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Canadian Screen Awards Winners: Rebelle (War Witch), Flashpoint Win Big

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Martin Short flies through the air as he hosts the Canadian Screen Awards in Toronto on Sunday, March 3, 2013. (THE CANADIAN PRESS/Frank Gunn)
Martin Short flies through the air as he hosts the Canadian Screen Awards in Toronto on Sunday, March 3, 2013. (THE CANADIAN PRESS/Frank Gunn)

TORONTO -- "Rebelle" ruled while "Flashpoint" continued to burn bright at the inaugural Canadian Screen Awards on Sunday, as the best in homegrown film and television gathered for a new joint bash hosted by an off-the-wall Martin Short -- who brought along his popular alter ego Ed Grimley.

The Oscar-nominated child soldier drama "Rebelle" dominated the film categories with a whopping 10 trophies, including wins for best film, best director, best screenplay and best actress for its teenage star, Rachel Mwanza. It had been up for 12 awards.

"I'm very touched," said Montreal director Kim Nguyen as he collected the best director prize.

"I'd like to dedicate this to the women in the Congo, their strength, their courage and their resilience."

Meanwhile, perennial TV favourite "Flashpoint" took the top prizes in the TV race, including best drama and best dramatic actor for star Enrico Colantoni. That was in addition to four previous prizes it collected at a pre-gala bash.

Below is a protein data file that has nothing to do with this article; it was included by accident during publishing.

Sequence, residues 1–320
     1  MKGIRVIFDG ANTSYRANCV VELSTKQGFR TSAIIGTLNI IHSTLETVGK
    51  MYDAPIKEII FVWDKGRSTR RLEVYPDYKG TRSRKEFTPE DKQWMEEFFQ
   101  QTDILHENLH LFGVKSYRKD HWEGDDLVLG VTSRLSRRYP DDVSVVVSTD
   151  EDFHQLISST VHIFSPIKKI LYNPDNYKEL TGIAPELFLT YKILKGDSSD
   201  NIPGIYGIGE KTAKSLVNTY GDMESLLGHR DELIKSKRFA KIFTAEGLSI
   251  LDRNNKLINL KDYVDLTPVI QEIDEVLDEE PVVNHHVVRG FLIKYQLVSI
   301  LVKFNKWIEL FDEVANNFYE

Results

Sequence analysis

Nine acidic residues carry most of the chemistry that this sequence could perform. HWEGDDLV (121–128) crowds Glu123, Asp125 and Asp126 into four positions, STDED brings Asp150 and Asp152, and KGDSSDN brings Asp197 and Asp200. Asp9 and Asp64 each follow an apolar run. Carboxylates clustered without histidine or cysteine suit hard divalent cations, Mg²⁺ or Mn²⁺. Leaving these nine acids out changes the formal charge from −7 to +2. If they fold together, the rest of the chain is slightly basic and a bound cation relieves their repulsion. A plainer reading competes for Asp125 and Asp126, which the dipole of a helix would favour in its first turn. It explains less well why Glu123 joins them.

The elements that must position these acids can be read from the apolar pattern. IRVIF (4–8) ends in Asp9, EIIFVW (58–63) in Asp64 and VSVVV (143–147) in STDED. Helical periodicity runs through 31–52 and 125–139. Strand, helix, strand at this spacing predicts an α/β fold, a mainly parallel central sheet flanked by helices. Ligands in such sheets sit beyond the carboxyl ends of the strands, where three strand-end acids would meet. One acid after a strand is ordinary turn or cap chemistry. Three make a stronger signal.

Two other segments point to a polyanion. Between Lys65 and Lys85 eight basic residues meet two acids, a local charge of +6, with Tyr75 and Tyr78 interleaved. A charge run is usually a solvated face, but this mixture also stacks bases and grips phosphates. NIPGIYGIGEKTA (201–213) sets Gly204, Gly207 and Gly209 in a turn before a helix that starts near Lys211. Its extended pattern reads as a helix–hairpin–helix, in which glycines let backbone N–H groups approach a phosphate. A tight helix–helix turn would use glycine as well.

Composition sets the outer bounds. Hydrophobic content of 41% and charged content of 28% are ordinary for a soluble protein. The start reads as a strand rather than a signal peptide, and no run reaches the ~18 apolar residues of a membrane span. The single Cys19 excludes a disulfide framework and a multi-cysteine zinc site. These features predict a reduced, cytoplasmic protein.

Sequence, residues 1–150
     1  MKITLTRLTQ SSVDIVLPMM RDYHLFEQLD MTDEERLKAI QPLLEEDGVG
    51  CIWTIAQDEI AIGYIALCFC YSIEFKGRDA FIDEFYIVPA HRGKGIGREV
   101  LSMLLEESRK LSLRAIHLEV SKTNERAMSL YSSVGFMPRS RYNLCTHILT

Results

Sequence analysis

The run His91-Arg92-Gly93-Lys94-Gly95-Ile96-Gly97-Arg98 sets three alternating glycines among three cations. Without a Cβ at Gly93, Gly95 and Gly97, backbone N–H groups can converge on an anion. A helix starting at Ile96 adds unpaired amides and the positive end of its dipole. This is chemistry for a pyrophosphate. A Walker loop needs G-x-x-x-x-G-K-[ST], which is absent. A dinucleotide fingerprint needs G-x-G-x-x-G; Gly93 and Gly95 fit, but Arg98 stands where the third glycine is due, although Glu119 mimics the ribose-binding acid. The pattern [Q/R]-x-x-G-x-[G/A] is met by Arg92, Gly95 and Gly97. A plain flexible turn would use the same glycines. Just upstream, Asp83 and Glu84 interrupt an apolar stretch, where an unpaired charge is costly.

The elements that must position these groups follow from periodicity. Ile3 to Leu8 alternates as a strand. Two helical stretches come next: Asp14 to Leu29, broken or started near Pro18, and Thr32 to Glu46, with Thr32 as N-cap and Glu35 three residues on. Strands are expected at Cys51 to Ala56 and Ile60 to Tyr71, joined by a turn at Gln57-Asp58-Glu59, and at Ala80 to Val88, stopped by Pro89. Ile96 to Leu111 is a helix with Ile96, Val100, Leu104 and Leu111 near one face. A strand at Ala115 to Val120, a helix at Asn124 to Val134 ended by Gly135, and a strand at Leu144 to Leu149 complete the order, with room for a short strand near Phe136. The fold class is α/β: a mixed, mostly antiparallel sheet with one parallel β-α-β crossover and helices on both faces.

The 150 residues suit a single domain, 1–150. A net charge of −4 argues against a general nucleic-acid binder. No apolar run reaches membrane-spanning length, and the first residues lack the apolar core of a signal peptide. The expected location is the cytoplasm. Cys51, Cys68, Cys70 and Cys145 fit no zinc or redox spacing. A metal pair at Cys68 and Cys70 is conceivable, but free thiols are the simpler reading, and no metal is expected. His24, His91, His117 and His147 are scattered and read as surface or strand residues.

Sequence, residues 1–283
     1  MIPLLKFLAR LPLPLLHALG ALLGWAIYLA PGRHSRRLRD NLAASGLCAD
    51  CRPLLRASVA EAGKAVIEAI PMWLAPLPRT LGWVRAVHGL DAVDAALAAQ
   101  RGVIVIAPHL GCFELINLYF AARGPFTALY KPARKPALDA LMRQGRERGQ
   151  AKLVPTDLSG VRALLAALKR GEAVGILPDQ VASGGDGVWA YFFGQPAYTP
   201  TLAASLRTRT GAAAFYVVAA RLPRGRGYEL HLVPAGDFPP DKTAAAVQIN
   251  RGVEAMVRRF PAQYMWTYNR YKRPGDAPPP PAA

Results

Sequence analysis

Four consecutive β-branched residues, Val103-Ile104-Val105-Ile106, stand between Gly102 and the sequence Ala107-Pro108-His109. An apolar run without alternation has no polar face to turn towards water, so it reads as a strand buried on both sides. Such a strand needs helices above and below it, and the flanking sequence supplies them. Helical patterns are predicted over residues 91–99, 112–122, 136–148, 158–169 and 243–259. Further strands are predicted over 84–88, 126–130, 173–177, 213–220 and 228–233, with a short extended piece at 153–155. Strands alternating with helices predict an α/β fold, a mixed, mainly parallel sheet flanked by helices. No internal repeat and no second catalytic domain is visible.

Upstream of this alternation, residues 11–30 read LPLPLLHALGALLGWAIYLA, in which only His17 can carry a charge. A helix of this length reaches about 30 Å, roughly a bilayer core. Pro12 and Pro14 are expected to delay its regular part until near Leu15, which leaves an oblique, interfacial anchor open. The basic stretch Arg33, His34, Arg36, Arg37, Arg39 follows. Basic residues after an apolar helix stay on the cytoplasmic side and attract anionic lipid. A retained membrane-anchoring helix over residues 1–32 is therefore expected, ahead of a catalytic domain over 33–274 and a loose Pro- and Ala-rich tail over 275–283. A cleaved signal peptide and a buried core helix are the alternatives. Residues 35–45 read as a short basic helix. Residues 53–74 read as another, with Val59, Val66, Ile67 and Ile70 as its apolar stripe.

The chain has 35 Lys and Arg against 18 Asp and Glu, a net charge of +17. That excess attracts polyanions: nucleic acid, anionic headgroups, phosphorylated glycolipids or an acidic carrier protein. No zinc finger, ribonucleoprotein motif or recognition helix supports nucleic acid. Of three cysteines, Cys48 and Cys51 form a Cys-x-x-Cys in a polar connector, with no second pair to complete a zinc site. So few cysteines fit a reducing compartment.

"Of course, I didn't have anything prepared because I don't do that," Colantoni said to chuckles from the audience.

"At the very least, I'd like to tell the Canadian Revenue Agency that I am going to write this suit off. So here's the proof," he smirked, gaining applause from the audience before going on to thank his director, writer and the show's creators.

Short kicked off the new awards show -- which combined the Geminis and the Genies -- with a musical opening that saw him hoisted by wires to soar over the star-studded audience.

"They had me so high up there I could see both of Mike Duffy's houses," quipped Short, keeping things topical for his Canuck audience.

He later lobbed affectionate barbs at Canadian celebrities Don Cherry, Rick Mercer and "The Bachelor Canada" winner Brad Smith, and took aim at recent Oscar winner "Argo," which earned criticism for downplaying Canada's role in rescuing six U.S. citizens caught up in the 1979 Iran hostage crisis.

"It's always nice to be home," Short said to a star-studded audience including James Cromwell, Jay Baruchel, Sandra Oh and Stephen Amell.

"I flew in on Air Canada. Or as Ben Affleck calls it, American Airlines."

"Rebelle" -- which lost the foreign-language Oscar last week to Austria's "Amour" -- also picked up trophies for best screenplay, editing, cinematography, sound editing, overall sound and art direction/production design.

While walking the red carpet before the bash, Nguyen said he was happy to shine the spotlight on his film crew, noting it was "a team effort."

"We were always in an improvisational kind of mode and we were always in-the-moment. For that to work, we had to have a team that was really on cue and that was the case," he said.